Friday, February 24, 2012
The stock market always goes up in the long run...or does it? It is commonly accepted that the stock market generally trends upwards over time so taking a buy and hold strategy should be effective. However, that has not been the case since the year 2000, and hasn't always been the case throughout history either.
The stock market has tended to alternate between periods of dramatic advances of 500 to 1000% during secular bull markets, and long periods of volatile, range-bound movement. What is disconcerting is that these periods can be as long as 15 to 20 years. So what can YOU do to ensure your retirement plan or investment portfolio doesn't participate in this performance vacation?
The first step is to identify what rate of return you require to meet your future funding needs. You will need the services of a financial advisor to help you with this. Pension funds use the 25 year government guaranteed bond yield as their discounting figure for this calculation, which today is about 2.64%. Therein lies the problem, using this low return figure would require such a large amount of annual savings relative to your annual income that it would be impossible for anybody to attain. This means that you must accept some risk in order to attain a return that would make the savings requirement affordable. I use a 6% return which would imply an asset mixture of about 60% stocks and 40% fixed income.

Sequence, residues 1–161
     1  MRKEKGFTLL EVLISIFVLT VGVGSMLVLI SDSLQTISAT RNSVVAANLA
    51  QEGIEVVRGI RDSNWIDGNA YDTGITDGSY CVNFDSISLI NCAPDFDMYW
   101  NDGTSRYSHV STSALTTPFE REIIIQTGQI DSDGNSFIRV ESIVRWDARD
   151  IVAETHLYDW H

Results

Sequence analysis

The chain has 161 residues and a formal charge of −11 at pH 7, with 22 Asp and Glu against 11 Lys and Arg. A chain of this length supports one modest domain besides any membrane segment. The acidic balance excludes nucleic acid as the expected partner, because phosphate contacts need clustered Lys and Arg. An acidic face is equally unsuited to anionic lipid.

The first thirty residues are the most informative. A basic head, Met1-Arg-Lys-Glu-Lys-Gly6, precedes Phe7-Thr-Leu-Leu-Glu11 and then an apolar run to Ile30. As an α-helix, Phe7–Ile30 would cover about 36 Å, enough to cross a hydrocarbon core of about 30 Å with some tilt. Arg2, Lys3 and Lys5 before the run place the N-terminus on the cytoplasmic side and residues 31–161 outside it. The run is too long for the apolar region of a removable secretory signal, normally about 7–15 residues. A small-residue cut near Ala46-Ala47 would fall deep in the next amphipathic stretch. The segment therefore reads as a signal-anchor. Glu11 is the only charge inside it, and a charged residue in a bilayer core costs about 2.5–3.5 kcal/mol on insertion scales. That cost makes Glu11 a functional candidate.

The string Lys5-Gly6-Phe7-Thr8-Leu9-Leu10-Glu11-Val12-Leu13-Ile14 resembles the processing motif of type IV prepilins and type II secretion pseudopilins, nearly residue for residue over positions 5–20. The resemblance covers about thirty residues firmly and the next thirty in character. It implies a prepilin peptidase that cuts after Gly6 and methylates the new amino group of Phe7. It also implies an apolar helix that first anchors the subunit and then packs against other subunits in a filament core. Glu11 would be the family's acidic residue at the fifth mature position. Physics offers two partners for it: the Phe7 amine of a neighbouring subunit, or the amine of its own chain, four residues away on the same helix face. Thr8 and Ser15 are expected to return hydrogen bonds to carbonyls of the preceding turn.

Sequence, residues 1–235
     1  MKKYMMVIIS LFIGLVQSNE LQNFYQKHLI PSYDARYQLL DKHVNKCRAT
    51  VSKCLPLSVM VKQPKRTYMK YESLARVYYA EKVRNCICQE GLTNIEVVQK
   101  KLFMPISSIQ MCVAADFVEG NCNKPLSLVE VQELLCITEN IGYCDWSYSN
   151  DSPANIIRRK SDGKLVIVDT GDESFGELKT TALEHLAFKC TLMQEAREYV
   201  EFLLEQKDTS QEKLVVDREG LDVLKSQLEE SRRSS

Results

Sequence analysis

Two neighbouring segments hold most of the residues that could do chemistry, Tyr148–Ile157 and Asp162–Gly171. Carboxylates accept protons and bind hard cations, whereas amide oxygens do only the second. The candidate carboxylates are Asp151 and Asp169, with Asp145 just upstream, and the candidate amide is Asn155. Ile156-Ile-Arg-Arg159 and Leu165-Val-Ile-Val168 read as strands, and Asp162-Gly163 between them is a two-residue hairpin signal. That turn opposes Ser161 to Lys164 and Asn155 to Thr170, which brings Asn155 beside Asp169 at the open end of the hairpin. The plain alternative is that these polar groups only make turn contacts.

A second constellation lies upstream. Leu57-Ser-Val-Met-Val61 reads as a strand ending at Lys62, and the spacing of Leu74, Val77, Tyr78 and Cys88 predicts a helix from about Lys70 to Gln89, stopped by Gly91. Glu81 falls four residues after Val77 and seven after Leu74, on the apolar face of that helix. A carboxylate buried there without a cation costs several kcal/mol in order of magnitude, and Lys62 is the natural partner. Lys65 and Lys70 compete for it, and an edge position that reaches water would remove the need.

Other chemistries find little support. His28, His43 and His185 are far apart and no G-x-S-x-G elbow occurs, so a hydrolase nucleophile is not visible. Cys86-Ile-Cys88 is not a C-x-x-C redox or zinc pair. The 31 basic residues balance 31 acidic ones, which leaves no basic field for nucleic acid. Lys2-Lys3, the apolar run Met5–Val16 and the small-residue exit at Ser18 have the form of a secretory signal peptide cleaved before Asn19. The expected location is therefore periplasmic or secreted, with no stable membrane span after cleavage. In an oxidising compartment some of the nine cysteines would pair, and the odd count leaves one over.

Whether that asset mixture actually attains that return depends on when you invest and how you allocate those savings throughout the business cycle. In a range-bound, or sideways market, income is critical - you want to get paid to wait. For this reason, dividend paying stocks should be your vehicle on the stock side of the ledger. On the bond side, since government bonds pay so little, corporate bonds should be used. Investing in corporate bonds requires specialized knowledge and enough money to properly diversify. For these reasons you should use professional money managers.
During your accumulation period you should add to either the stock side or the bond side depending on which of these asset classes are better priced. You should not automatically add in equal proportions.
The bottom line is you need income producing investments that are professionally managed and to be careful to add more to the asset class that is cheapest throughout the economic cycle. Today, that means avoiding government bonds, and instead seeking out high-yield bonds and dividend stocks.http://www.ipcmississauga.com/ourteam/john_soutsos/prospects.aspx